- Associated Press - Thursday, March 20, 2014
Ky. same-sex marriage recognition put on hold

LOUISVILLE, Ky. (AP) - A federal judge is giving Kentucky more time to officially recognize same-sex marriages performed in other states and countries, saying doing so will allow the law to become settled without causing confusion or granting rights only to have them taken away.

The ruling Wednesday comes just two days before gay couples would have been allowed to change their names on official identifications and documents and obtain the benefits of any other married couple in Kentucky.

U.S. District Judge John G. Heyburn II of Louisville said in a four-page order that it is “best that these momentous changes occur upon full review” rather than being implemented too soon or causing confusing changes.

“That does not serve anyone well,” said Heyburn, an appointee of President George H.W. Bush in 1992.

Heyburn said the delay would stay in place until the U.S. 6th Circuit Court of Appeals in Cincinnati either rules on the merits of the case or orders the stay lifted.

Heyburn’s order is similar to those granting same-sex marriage recognition rights but putting the implementation on hold in Texas, Utah, Virginia and other states.

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Senate OKs proposal to cut legislative sessions

FRANKFORT, Ky. (AP) - Kentucky lawmakers would spend less time in session under a proposal that passed the Senate with bipartisan support on Wednesday.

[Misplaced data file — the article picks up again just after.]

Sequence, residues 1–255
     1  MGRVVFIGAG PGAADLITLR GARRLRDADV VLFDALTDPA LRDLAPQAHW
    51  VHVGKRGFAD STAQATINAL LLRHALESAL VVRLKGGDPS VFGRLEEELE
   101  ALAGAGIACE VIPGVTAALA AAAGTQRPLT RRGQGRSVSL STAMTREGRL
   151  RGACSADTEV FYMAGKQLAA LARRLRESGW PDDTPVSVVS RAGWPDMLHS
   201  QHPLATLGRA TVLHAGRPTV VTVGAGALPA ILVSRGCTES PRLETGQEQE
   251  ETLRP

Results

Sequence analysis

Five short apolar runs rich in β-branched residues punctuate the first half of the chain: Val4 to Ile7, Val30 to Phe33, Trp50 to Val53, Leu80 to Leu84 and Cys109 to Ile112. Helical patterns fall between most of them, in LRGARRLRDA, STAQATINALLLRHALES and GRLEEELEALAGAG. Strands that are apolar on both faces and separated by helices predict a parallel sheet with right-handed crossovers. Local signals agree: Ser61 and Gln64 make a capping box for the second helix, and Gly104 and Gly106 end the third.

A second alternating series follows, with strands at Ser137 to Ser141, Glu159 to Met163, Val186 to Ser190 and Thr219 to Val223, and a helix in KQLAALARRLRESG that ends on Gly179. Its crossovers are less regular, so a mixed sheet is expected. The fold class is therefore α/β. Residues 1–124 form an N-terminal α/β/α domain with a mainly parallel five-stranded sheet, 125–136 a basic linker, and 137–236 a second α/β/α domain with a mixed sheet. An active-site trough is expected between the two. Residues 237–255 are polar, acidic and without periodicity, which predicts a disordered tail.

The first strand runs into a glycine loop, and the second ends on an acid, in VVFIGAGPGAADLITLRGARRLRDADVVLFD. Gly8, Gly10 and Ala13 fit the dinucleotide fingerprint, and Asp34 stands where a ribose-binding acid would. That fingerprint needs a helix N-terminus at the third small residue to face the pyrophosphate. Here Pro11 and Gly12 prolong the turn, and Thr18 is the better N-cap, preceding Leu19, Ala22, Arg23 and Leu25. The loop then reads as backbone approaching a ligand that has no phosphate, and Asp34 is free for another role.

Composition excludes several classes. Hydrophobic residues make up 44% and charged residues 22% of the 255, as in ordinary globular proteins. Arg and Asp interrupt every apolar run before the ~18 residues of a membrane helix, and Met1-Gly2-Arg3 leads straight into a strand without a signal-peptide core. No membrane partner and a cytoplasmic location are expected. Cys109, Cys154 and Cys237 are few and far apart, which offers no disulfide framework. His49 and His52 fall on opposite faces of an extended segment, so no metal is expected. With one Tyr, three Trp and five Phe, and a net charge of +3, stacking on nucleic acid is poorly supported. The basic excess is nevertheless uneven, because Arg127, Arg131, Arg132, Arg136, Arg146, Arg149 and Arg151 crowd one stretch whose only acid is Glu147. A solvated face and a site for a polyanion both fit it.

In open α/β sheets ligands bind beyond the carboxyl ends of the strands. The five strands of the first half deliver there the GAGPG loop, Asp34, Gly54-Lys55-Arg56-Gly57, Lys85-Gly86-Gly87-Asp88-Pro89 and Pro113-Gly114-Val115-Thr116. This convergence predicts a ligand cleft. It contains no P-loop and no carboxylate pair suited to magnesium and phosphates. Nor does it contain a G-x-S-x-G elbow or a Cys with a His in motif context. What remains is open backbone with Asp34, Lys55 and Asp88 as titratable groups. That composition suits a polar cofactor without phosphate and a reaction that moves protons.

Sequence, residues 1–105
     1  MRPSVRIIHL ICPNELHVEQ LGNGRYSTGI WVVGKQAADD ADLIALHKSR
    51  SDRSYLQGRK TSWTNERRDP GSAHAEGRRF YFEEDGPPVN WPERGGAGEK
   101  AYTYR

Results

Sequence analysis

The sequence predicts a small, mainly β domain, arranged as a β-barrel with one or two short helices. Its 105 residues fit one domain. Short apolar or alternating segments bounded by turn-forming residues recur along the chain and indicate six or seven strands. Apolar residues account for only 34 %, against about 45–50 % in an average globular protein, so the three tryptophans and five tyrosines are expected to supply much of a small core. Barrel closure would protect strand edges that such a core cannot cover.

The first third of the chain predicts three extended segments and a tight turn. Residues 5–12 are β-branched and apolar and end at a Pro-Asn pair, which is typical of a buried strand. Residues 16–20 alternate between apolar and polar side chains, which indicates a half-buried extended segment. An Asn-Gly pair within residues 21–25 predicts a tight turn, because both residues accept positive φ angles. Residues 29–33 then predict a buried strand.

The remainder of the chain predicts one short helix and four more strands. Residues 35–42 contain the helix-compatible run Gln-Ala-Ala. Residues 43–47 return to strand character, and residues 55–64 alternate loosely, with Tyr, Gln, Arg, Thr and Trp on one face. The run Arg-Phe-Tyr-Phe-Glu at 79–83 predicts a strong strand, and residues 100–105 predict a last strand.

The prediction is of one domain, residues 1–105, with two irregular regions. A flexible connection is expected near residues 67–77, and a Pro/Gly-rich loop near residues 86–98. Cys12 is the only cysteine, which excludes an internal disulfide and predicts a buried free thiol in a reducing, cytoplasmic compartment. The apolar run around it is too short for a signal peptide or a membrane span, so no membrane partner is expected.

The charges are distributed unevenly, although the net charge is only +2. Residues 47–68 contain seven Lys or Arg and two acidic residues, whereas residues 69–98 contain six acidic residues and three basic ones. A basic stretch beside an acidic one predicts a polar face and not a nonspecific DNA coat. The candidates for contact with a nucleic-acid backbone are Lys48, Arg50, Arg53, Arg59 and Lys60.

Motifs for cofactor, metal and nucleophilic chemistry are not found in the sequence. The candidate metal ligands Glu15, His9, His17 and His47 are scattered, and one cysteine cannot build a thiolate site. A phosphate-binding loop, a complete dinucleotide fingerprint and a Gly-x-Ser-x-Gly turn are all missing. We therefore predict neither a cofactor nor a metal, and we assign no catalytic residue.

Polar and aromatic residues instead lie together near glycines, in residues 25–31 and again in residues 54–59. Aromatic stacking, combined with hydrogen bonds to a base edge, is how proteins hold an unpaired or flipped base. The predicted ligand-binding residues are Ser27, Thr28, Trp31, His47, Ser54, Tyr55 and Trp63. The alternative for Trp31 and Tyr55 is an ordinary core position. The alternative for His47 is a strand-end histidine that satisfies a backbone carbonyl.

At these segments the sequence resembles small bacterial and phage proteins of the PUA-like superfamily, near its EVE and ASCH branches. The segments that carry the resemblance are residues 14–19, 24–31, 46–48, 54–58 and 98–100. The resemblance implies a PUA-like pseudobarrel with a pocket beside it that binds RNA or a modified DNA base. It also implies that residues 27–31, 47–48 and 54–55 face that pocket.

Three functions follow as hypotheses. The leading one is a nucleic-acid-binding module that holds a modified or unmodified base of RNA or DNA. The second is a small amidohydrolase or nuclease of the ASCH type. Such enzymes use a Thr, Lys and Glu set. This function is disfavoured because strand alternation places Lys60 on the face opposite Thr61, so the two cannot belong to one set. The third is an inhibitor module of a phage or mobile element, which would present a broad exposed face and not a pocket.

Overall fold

The proposed change to the state constitution aims to cut the amount of time lawmakers are in session by a third over each two-year period.

Senate President Robert Stivers said his proposal would save money and encourage more people to run for legislative seats.

Lawmakers now meet for 90 days every two years, which takes them away from jobs and their families for months at a time, he said.

“There are people in this chamber, as we stand here and sit here today, that have thought about leaving or are leaving because we are no longer a citizen legislature,” said Stivers, R-Manchester.

The measure cleared the Republican-led Senate on a 34-3 vote and now goes to the Democratic-run House. The proposed revisions to the legislative calendar would go on the November ballot for Kentucky voters to decide if it clears the General Assembly.

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